“Here?” she gestured, looked around the room, thinking this must be a mistake, she was about to serve them tea, surely he didn’t want her to kneel here on the kitchen floor.

But he just raised his eyebrows.

She felt as if the ground were shifting beneath her, half-frozen, she stood, while he waited.

At last, and it felt like minutes had gone by, she lowered herself to the ground, kneeling on the hard kitchen floor. But his expression didn’t change.

As she waited for him to acknowledge that she was kneeling, or at least change expression, she became aware of her posture. It was a clumsy kneel at best, she was not in any of the positions that she had once known so well they were automatic. She lowered her gaze, a bit embarrassed. Moving awkwardly, she rocked back on her heels, opened her thighs a bit, back straight, eyes down. Palms resting open on her thighs. “Offering,” she thought. She checked that her thighs were not too wide spread, which might be seen as a demand, but at an acceptable level of readiness.

In those moments, as she adjusted her posture, she forgot about the tea. She forgot how hard the floor was. She was aware of her own body and of the man standing above her. She heard him step closer to her, but didn’t raise her eyes, not even when he walked around her, viewing her from all angles.

The phrase, “maintain custody of your eyes,” went through her mind as she struggled to resist the urge to look up. Kneeling like this, her clothes felt heavy and out of place.

He had circled her completely and stopped. She could feel him standing in front of her, and even see his feet, but she startled a bit when he spoke.

“I’ve neglected you,” he said. “I apologize for that. I’ve gotten used to you taking care of me in the most mundane ways and neglected your care and training. I would like to remedy that.”

He paused a moment. She couldn’t speak, she was struggling to absorb this, thinking about how much she’d longed for this moment, until she’d gotten used to not having it.

He went on, “I have some plans for you. But I want your consent first. I want you to undress and kneel here again, think about whether you want me to re-claim you or not. I have a lot of lost time to make up for if you give consent.”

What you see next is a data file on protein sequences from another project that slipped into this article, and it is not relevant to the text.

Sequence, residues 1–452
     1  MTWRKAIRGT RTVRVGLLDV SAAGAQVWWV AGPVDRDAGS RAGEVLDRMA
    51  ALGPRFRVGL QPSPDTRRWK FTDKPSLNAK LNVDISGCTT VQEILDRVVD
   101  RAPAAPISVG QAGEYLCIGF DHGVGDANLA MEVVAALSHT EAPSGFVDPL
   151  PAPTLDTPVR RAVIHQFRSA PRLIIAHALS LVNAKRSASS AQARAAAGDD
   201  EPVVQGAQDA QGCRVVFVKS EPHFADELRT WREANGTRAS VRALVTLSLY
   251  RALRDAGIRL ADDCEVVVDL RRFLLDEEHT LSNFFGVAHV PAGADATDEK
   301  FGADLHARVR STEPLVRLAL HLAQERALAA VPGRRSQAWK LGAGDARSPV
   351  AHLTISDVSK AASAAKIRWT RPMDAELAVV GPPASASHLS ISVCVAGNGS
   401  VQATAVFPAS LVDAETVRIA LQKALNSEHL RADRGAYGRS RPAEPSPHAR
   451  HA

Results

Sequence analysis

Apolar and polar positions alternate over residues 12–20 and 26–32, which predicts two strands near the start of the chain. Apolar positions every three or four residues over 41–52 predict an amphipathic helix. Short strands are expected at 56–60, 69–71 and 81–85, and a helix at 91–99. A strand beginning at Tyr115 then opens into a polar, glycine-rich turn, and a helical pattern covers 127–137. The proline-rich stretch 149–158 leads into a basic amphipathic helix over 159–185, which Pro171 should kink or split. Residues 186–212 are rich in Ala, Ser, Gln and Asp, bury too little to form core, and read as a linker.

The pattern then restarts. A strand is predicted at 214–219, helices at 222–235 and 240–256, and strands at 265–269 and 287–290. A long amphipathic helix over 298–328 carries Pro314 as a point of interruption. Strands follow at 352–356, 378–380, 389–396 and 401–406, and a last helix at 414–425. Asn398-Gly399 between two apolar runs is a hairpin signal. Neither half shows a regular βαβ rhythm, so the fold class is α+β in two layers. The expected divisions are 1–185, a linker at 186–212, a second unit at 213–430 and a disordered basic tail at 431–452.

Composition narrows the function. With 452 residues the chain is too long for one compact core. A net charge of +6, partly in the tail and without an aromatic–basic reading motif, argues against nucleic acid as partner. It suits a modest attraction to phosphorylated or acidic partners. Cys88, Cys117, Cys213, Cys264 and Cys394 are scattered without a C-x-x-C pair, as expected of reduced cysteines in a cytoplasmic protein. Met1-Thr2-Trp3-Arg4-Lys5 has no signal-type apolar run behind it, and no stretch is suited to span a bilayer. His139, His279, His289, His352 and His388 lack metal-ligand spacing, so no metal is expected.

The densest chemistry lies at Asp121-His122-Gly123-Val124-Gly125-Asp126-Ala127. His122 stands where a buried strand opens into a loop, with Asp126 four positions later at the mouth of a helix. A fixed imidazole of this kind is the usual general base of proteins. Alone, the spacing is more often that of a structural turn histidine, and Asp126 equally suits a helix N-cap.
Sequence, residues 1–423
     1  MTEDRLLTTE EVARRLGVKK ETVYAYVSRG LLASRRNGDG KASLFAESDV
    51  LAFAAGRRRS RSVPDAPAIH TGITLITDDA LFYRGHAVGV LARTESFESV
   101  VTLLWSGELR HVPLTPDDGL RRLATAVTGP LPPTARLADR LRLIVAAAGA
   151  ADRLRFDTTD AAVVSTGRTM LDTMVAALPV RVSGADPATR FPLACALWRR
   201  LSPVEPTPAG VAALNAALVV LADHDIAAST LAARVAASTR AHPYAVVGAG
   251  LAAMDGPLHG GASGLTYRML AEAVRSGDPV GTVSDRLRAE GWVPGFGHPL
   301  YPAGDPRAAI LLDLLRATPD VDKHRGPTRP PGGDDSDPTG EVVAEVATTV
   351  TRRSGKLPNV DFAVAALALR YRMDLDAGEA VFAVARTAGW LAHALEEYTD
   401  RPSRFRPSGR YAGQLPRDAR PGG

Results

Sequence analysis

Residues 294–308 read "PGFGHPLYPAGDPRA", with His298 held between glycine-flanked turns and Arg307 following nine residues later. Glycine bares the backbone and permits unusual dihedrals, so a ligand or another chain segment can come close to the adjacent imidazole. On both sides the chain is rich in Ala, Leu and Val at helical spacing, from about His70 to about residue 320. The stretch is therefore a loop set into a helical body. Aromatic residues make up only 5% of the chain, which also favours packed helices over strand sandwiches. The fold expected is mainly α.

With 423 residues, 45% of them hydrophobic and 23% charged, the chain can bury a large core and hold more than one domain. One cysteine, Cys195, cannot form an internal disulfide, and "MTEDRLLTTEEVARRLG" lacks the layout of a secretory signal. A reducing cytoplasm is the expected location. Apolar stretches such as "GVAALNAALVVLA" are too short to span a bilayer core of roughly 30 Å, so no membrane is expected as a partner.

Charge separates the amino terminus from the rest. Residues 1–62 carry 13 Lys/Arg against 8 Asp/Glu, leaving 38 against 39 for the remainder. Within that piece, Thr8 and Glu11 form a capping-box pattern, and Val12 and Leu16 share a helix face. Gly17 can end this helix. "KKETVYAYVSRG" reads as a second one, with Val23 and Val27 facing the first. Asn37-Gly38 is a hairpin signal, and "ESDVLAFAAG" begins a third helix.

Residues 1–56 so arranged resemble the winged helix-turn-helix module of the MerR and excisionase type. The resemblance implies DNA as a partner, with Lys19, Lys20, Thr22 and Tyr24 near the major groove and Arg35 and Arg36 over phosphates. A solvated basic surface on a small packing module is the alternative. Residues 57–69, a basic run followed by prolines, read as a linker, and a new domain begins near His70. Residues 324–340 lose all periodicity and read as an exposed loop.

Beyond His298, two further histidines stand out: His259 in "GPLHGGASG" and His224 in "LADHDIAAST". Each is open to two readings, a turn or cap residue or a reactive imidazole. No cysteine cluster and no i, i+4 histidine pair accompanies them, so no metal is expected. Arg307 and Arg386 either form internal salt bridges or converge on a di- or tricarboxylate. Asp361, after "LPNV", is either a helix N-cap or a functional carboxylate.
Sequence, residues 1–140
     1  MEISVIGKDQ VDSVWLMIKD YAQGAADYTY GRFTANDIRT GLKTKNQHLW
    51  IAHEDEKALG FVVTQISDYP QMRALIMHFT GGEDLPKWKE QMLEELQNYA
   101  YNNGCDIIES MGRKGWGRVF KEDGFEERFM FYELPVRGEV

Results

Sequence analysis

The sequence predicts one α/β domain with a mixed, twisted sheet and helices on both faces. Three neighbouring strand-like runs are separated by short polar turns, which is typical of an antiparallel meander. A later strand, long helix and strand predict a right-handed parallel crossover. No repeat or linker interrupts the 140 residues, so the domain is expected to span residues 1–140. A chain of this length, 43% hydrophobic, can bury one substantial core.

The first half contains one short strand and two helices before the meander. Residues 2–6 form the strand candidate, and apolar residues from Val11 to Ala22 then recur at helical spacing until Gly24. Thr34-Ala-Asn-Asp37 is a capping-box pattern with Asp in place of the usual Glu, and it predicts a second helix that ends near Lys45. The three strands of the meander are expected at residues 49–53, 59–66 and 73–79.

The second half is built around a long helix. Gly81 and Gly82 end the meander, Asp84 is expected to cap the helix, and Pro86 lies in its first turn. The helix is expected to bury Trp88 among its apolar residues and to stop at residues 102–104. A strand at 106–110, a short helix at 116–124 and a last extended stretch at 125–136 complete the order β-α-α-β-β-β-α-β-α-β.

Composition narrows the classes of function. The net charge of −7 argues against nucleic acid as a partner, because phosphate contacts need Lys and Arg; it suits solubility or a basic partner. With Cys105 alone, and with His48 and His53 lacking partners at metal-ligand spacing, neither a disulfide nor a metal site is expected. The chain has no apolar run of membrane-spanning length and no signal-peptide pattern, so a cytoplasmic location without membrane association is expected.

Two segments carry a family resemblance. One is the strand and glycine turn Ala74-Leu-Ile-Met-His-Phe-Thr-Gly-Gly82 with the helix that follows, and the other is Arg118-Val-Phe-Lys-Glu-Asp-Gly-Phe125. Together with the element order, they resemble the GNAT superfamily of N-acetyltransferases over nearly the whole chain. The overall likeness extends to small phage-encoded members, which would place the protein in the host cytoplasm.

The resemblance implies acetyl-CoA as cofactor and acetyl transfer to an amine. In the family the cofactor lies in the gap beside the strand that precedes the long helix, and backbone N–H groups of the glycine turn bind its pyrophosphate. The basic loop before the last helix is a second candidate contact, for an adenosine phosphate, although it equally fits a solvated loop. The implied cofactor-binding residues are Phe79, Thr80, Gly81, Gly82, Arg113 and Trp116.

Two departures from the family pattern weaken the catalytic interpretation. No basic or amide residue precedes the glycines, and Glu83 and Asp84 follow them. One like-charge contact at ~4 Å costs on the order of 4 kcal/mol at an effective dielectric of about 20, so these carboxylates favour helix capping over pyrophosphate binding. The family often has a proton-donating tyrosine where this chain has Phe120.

She was trembling, tears welling up. Joyful and afraid in equal measure, she couldn’t move.

He laughed, just a short chuckle. “I’m going to fix my tea. I want you to start undressing. Now.”

He moved to the stove, and she could hear him filling his tea cup. Slowly, she stood. Raised her t-shirt over her head and off, unhooked her bra and let the straps slide down her shoulders. Removed it and set it and the shirt aside.

The kitchen was warm from the oven where she had just baked a loaf of wheat bread, so she was comfortably warm. She slipped off her leggings and then her underwear. He was still behind her, and she wanted to look at him, but resisted the urge. Instead, she knelt again, in position. Head up, gaze down.

He moved around her. “I’m going to sit down,” he said. “Just think about whether you’re willing to consent to obey me without knowing exactly what I have in mind ahead of time. You will, of course, still have a safe word, but I’m planning some rigorous training to get our relationship back on track. I will want your whole-hearted consent. Think about it, and I’ll be back to learn your response and determine how to move forward. I’m sure you have questions,” and again he chuckled. “But they can wait til after your decision. Discern wisely, little one,” he concluded.

She heard him walk away.

Kneeling naked on the floor, she was already quite sure what her answer was. She trembled, waiting for him to return.

7 thoughts on “Celebrations… and a bit of fantasy

  1. Pingback: The Reclaiming, Part II | Olivia

  2. Pingback: The Reclaiming, Part 3 | Olivia